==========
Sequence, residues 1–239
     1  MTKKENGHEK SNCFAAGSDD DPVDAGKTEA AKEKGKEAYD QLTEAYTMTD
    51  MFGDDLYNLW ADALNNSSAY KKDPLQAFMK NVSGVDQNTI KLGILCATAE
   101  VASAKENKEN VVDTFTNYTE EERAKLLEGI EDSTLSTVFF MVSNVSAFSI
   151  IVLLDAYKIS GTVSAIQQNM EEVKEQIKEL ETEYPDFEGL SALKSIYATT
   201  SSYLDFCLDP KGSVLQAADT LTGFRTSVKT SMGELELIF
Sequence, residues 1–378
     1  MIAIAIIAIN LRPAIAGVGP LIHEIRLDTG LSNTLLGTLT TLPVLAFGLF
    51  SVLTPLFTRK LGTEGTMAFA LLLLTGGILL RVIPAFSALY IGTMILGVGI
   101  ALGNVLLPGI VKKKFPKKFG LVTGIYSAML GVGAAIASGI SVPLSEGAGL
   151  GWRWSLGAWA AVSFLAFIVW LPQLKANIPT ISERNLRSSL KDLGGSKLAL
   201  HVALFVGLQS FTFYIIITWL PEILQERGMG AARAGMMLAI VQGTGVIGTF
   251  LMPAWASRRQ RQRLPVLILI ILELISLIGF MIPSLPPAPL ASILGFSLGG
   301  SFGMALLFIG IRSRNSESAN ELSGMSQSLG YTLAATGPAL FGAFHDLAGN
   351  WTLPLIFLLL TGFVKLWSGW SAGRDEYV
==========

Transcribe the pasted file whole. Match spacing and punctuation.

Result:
Sequence, residues 1–239
     1  MTKKENGHEK SNCFAAGSDD DPVDAGKTEA AKEKGKEAYD QLTEAYTMTD
    51  MFGDDLYNLW ADALNNSSAY KKDPLQAFMK NVSGVDQNTI KLGILCATAE
   101  VASAKENKEN VVDTFTNYTE EERAKLLEGI EDSTLSTVFF MVSNVSAFSI
   151  IVLLDAYKIS GTVSAIQQNM EEVKEQIKEL ETEYPDFEGL SALKSIYATT
   201  SSYLDFCLDP KGSVLQAADT LTGFRTSVKT SMGELELIF
Sequence, residues 1–378
     1  MIAIAIIAIN LRPAIAGVGP LIHEIRLDTG LSNTLLGTLT TLPVLAFGLF
    51  SVLTPLFTRK LGTEGTMAFA LLLLTGGILL RVIPAFSALY IGTMILGVGI
   101  ALGNVLLPGI VKKKFPKKFG LVTGIYSAML GVGAAIASGI SVPLSEGAGL
   151  GWRWSLGAWA AVSFLAFIVW LPQLKANIPT ISERNLRSSL KDLGGSKLAL
   201  HVALFVGLQS FTFYIIITWL PEILQERGMG AARAGMMLAI VQGTGVIGTF
   251  LMPAWASRRQ RQRLPVLILI ILELISLIGF MIPSLPPAPL ASILGFSLGG
   301  SFGMALLFIG IRSRNSESAN ELSGMSQSLG YTLAATGPAL FGAFHDLAGN
   351  WTLPLIFLLL TGFVKLWSGW SAGRDEYV